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Articles by A Tookman
Total Records ( 2 ) for A Tookman
  A. J Rodger , N Brecker , S Bhagani , T Fernandez , M Johnson , A Tookman and A. Bartley

Background Unemployment in the human immunodeficiency virus (HIV) population remains a major issue. Recent changes in the benefits system have triggered concerns about (re)integration into work for adults with HIV.

Aims To examine attitudes and barriers to employment in HIV patients.

Methods We undertook a cross-sectional study in the Royal Free HIV outpatient department from December 2008 to February 2009. The questionnaire collected data on demographics, date of HIV diagnosis, combination antiretroviral therapy, CD4 count, employment status, attitudes to work, psychological health and perception of barriers to employment. Logistic regression analyses were used to assess factors associated with not working.

Results Five hundred and forty-five HIV patients took part. Overall, 26% were not working and of these, half (53%) had been unemployed for >5 years. Associations with not working were having been diagnosed with HIV >10 years before, poor psychological health and poor attitudes to employment. There was no association between objective measures of health (CD4 count) and employment status. Those not working were less likely to agree with that ‘work is good for physical and mental health’ (90 versus 97%: P < 0.01) and more likely to agree that ‘should only work if 100% fit and well’ (76 versus 51%: P < 0.001) compared to workers. Those currently not working had negative perceptions of their abilities to gain employment and to remain in work.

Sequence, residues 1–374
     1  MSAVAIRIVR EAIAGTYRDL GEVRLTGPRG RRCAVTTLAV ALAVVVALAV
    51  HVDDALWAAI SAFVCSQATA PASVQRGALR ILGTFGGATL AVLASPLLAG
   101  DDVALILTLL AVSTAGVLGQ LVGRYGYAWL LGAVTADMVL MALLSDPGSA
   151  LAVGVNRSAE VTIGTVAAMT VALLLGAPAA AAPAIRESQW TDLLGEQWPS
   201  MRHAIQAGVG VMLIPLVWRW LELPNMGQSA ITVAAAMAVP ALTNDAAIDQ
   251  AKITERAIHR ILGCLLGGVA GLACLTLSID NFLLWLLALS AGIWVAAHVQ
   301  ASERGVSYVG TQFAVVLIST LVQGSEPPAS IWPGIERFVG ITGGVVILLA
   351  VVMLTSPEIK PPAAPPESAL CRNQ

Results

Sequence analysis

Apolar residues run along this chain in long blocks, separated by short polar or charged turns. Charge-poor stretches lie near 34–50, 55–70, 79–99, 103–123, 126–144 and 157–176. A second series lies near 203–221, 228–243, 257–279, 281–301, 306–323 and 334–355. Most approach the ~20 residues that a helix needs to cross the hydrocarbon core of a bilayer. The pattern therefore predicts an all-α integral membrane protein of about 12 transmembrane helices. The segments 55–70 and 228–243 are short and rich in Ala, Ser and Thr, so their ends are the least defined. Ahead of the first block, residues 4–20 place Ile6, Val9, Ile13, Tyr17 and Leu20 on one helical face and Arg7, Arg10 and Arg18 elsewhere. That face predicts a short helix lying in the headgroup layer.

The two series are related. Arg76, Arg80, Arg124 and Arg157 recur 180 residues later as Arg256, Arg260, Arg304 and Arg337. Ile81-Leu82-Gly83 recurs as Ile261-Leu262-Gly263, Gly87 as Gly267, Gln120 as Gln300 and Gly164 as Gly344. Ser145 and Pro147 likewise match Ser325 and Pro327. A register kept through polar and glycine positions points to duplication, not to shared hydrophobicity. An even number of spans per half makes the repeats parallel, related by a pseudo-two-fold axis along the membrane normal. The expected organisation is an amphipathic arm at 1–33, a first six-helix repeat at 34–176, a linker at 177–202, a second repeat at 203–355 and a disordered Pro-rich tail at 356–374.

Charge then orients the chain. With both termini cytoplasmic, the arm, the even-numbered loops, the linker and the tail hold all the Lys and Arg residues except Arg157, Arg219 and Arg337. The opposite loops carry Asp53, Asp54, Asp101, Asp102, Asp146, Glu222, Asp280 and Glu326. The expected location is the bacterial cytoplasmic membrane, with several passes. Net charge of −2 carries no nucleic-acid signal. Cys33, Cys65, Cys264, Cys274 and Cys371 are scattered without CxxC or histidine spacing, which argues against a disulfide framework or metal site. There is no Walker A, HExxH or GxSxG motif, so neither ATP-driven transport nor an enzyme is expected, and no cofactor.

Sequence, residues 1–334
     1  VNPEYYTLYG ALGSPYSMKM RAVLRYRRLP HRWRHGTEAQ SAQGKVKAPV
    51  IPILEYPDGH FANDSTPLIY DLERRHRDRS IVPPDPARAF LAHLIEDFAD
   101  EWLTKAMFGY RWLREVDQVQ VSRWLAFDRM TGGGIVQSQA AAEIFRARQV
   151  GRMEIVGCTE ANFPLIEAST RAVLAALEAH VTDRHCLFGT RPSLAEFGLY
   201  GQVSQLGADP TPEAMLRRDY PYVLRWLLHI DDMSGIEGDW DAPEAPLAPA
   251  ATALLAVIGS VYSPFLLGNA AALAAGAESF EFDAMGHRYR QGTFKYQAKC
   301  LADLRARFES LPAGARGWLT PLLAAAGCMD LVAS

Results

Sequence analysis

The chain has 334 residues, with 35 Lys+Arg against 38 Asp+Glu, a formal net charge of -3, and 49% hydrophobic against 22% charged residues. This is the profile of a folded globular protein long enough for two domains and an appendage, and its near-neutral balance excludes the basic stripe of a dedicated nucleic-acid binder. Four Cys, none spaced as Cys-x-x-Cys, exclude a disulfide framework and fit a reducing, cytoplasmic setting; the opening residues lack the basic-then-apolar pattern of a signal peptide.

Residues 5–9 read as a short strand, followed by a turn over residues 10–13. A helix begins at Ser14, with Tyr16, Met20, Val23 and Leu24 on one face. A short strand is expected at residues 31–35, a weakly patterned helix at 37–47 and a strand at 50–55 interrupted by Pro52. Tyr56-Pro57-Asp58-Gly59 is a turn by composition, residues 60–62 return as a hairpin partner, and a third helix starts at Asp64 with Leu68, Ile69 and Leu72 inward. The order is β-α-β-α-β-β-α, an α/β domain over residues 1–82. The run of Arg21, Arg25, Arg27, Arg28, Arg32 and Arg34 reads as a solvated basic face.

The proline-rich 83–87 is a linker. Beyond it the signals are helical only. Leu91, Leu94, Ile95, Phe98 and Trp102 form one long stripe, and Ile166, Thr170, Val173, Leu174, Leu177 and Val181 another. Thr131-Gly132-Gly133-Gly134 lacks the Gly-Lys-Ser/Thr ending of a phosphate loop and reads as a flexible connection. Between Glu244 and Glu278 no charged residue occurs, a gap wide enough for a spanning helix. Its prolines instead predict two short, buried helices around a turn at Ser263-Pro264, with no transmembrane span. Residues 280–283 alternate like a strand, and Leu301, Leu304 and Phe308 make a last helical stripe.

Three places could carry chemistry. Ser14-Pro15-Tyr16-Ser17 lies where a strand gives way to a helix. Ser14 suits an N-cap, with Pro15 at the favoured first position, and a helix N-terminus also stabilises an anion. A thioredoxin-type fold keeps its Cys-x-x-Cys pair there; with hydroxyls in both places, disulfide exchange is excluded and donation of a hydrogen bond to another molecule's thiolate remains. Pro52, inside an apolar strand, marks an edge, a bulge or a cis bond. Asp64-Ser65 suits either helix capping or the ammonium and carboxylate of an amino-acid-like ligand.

Conclusions There are opportunities for HIV services to provide psychological support around attitudes associated with unemployment and to help HIV-positive men in particular obtain and remain in work.

  E. L Sampson , M. R Blanchard , L Jones , A Tookman and M. King


Increasing numbers of people will die with dementia, many in the acute hospital. It is often not perceived to be a life-limiting illness.


To investigate the prevalence of dementia in older people undergoing emergency medical admission and its effect on outcomes.


Longitudinal cohort study of 617 people (aged over 70). The main outcome was mortality risk during admission.


Of the cohort, 42.4% had dementia (only half diagnosed prior to admission). In men aged 70–79, dementia prevalence was 16.4%, rising to 48.8% of those over 90. In women, 29.6% aged 70–79 had dementia, rising to 75.0% aged over 90. Urinary tract infection or pneumonia was the principal cause of admission in 41.3% of the people with dementia. These individuals had markedly higher mortality; 24.0% of those with severe cognitive impairment died during admission (adjusted mortality risk 4.02, 95% CI 2.24–7.36).


The rising prevalence of dementia will have an impact on acute hospitals. Extra resources will be required for intermediate and palliative care and mental health liaison services.

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